Despite our best efforts, the crisp December night air woke Dylan up. Nestling her in the cargo bike’s box, I clipped her in and then tucked a rough woolen blanket around her. We said our goodbyes — would this admission be two days, four? Who knew? We set off. Why does that particular night stand out? Perhaps it was the unscheduled holiday lights tour. As we rode through the quiet streets, we passed various houses and their light displays. Dylan commented on ones she particularly liked. Had this been a normal year there was little chance she would have been up late enough to experience the joy those lights brought her. Even with a fever, Dylan made good conversation. The time with adults and her old-soul nature led to a robust vocabulary. And a preternatural inquisitiveness.
For that was the other memory that stuck out about our ride. We never told her the statistics, that only 37% of the children with her very rare cancer survived. We also never lied when she asked questions. As we headed up a short climb, looking at lights and talking about various things, she asked for the first time if she was going to die. I took advantage of being out of breath to cover the emotion in my voice.
“We’re doing everything in our power to make sure that doesn’t happen,” I huffed, “as are you.” For she was. A force to be reckoned with — heaven help anyone who gets in her way. We crested the rise and picked up speed on the downhill section. Her attention shifted to something else. The headwind blew tears back toward my ears. We arrived at the hospital, locked up the bike, and trundled into the hospital where everyone knew our names.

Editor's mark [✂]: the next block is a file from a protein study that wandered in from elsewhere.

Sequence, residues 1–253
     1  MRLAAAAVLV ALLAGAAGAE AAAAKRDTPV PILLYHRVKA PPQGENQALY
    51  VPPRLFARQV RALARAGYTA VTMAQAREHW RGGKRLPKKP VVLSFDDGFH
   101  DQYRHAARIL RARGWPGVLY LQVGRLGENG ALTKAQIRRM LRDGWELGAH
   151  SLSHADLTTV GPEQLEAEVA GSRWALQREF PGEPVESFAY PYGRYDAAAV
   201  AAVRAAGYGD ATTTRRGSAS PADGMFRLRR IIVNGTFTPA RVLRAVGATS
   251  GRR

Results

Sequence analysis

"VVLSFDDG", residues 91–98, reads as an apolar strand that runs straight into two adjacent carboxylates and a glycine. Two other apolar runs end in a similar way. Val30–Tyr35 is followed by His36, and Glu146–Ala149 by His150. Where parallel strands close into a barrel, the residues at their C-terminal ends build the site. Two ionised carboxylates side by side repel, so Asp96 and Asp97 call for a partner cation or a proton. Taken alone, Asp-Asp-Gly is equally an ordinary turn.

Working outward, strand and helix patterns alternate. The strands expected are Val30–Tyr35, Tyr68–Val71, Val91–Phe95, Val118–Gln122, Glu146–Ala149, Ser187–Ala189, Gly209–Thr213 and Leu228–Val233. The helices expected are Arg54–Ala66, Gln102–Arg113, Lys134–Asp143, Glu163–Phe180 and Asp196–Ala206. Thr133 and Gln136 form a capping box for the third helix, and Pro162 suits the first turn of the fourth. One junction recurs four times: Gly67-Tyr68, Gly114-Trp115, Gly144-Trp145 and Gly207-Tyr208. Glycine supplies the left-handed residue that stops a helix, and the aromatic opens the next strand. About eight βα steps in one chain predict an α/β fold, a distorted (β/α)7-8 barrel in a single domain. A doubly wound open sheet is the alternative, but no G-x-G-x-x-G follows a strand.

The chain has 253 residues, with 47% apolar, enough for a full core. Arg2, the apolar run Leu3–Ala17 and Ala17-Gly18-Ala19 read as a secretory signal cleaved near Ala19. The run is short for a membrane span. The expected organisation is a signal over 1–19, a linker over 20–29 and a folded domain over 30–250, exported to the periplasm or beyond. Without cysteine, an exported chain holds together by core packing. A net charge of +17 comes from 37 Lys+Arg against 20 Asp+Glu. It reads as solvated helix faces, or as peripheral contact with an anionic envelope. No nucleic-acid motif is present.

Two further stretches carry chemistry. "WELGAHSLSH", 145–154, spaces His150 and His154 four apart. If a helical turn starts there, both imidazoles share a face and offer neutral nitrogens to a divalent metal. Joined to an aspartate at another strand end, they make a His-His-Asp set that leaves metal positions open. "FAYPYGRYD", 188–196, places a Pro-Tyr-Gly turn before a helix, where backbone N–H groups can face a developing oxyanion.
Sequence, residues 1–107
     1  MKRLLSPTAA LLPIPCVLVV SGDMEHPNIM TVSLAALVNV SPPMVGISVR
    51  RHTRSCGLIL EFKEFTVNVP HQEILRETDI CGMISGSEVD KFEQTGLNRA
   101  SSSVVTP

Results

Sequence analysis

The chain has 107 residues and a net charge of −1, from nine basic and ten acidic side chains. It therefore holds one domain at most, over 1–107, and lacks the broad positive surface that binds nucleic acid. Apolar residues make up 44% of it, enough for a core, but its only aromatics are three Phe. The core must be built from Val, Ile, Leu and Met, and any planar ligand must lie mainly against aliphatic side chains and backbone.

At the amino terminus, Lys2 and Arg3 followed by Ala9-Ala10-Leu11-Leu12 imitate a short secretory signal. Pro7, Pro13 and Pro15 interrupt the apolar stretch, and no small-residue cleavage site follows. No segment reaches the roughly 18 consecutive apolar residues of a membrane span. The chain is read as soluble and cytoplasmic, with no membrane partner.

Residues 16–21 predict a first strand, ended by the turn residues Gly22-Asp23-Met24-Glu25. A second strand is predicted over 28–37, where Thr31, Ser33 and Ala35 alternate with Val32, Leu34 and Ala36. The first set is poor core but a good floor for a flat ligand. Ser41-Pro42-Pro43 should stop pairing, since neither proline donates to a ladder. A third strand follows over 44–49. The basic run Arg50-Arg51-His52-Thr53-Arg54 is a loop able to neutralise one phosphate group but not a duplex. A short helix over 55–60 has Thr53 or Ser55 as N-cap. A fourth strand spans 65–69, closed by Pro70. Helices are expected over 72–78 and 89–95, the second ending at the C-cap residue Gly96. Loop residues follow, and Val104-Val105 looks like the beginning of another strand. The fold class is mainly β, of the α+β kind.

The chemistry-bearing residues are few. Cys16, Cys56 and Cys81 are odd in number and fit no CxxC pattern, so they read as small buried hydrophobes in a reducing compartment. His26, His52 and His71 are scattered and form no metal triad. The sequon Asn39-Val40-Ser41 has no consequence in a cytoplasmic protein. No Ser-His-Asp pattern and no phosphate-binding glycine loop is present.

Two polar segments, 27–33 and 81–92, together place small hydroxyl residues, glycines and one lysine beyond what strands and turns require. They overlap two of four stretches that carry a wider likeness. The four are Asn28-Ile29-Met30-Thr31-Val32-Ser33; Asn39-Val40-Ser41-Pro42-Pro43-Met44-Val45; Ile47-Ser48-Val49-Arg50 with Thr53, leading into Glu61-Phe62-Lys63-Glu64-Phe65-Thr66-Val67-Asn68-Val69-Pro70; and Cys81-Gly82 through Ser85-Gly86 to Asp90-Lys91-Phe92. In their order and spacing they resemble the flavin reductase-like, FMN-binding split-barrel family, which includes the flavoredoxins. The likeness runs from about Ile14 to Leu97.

The good days frequently included a pastry stop.
My attention snapped back from cancer memories to the errand at hand — check-signing at the office. As I approached the bay, I turned left. The City was slowly connecting the various waterfront bike paths, making this a nice way to head north. Passing by the empty basketball stadium, the empty ballpark and innumerable boarded-up businesses, I wondered about the future. With hard work and good fortune, our daughter survived and thrives. With hard work and good fortune, we were able to pivot the firm during the pandemic, continuing to help our clients with an at-home workforce.
Cancer formed a crucible that tested our family’s mettle, and we came out the other side stronger than before. We were tremendously fortunate — our daughter lived. I would never wish the experience on anyone, and yet I am grateful for its lessons.
Now, the pandemic is testing everyone. With it, everyone faces unique challenges. Some hardships are far, far worse than others. Some people won’t survive. For those who remain, the world will be different. The societal, economic, and political impacts cannot be underestimated. We can approach this change with dread or treat it as a new day, a new dawn. We can pull together and lift others up or we can tear ourselves down. We must believe that we will absolutely, positively, get through this. And yet we must acknowledge the tremendous challenges in the moment.
That dawn will arrive. Look for hints of it in small victories along the way. Know that sun will be cresting soon.
Have you or someone you know been involved in a bicycle crash? Curious about your rights? Are you a lawyer handling a bicycle crash who wants more information on how to get the best result for your client? Contact Bicycle Law at 866-VELOLAW (866-835-6529) or firstname.lastname@example.org.
Bicycle Law’s Bob Mionske is licensed to practice in Oregon, its affiliate Coopers LLP has lawyers licensed in California, and either can affiliate with local counsel on bicycle cases across the country to make sure cyclists get the benefit of lawyers who focus on the issues specific to bicycle incidents.